We also have created three levels of privacy-related staff. There’s a corporate privacy group, which I am a member of and which is responsible for managing privacy on a company-wide level. We also have dedicated privacy staff and privacy “champs.” The privacy staff members are full-time employees in each major business unit whose sole job is to direct privacy efforts within their unit. The privacy “champs” are several hundred staff members whose job responsibilities include ensuring that privacy protections are in place during the development of the products and services they work on. MSN maintains a network of more than 70 champs. The Windows group has 160 of these privacy leads.
Also, all Microsoft vendors who handle customer information must, through contract requirements, agree to maintain Microsoft’s privacy policies and standards, and key agency vendors are specially trained to implement Microsoft’s privacy policies and standards. We now also maintain only two global agency vendors and a small network of local vendors to manage e-mail campaigns for Microsoft. In the past, we had many more vendors.
PressPass: What changes has Microsoft made to its internal business practices?
Cullen: Most Microsoft products and services now have clearly defined policies that explain to customers what types of information we collect and how it can be used. Most that don’t already will soon. We also show customers how they can access their personal information and how to revise or remove it from our records. Additionally, we have created distinct, secure separations between the internal IT systems of different products and services to ensure customer information is secure and used only in ways that customers specify.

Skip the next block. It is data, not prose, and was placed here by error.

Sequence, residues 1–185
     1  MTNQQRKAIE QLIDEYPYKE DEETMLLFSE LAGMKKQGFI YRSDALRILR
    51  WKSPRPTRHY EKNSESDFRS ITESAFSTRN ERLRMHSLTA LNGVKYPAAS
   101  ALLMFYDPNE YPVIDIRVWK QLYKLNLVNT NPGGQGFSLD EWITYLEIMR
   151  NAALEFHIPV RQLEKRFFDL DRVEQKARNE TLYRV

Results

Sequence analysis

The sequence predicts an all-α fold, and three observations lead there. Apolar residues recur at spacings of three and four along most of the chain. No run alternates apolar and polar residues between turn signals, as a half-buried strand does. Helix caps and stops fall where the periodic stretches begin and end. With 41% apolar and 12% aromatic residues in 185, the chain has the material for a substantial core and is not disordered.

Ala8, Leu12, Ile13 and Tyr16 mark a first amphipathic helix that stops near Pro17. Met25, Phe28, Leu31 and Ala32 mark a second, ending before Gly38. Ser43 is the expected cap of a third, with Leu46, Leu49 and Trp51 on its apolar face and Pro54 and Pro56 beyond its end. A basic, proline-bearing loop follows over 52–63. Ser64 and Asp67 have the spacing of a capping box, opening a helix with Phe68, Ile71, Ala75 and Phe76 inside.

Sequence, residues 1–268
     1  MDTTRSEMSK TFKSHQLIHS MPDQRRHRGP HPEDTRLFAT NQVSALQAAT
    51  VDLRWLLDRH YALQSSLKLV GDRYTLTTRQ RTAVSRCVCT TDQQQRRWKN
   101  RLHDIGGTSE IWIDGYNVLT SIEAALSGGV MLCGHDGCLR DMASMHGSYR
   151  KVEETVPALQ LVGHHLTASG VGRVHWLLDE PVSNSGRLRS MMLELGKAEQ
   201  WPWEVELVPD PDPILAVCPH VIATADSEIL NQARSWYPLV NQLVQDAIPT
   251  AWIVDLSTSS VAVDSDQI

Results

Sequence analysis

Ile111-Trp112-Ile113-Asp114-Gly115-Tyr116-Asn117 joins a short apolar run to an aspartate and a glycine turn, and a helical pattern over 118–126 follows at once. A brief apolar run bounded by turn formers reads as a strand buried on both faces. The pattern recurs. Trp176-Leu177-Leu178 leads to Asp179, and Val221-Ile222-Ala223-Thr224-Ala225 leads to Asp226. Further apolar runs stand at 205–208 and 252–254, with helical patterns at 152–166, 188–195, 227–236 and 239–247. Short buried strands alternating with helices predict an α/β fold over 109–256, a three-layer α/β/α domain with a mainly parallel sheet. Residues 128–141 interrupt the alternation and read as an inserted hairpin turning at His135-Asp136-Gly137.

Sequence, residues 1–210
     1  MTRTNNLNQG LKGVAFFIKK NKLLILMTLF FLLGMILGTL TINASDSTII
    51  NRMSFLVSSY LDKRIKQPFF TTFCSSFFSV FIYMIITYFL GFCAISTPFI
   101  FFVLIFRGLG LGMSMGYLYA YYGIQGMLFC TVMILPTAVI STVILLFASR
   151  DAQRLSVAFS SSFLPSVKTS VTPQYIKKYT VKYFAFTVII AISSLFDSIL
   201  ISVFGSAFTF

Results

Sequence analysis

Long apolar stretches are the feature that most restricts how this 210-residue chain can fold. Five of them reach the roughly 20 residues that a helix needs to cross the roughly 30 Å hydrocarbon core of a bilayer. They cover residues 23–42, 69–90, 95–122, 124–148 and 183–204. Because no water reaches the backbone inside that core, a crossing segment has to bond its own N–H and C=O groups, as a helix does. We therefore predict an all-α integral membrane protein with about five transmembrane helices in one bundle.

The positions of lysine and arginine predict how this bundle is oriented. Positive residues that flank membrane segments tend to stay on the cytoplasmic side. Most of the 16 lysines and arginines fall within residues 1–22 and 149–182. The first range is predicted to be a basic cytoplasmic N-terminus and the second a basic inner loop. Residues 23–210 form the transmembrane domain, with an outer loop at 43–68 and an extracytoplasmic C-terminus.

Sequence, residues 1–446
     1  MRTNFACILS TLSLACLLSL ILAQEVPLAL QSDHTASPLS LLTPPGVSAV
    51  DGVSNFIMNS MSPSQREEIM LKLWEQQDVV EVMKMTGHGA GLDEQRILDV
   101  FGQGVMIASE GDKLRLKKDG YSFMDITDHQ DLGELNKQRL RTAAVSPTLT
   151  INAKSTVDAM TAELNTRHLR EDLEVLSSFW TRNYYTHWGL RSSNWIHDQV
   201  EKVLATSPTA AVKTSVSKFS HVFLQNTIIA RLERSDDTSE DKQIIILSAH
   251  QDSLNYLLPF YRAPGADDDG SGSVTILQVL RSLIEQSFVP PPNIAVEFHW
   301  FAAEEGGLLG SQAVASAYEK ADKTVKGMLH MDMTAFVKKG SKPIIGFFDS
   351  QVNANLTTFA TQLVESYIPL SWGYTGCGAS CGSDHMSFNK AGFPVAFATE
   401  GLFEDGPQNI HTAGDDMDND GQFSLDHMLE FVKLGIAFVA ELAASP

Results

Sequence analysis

PressPass: How does Microsoft gauge how well its privacy protections are working?
Cullen: All new and existing applications, including internal business applications, are tested to ensure they must meet prescribed privacy standards. For example, each of the hundreds software components in Windows is reviewed to ensure it meets our internal privacy standards and contributes to customer trust. Other product and service groups use a similar process to ensure that they meet Microsoft privacy standards.
Our Application Software Assurance Program (ASAP) helps ensure the more than 1,800 applications that Microsoft develops and uses to run the company include the controls necessary to protect customer information. This program includes an online assessment tool that assigns every new application a risk-based rating, along with specific processes and protections that must be in place before an internal business group can begin using the application.
We are also close to completing our new Privacy Response Center (PRC). This company-wide initiative is consolidating how Microsoft responds to customer privacy concerns. We will soon have company-wide data on customer privacy concerns and how fast and accurately we responded. Already, product groups that have implemented the PRC standards are now responding to customers, on average, in less than 18 hours — well under our mandated 48-hour response time. Some groups are responding in less than 8 or 9 hours.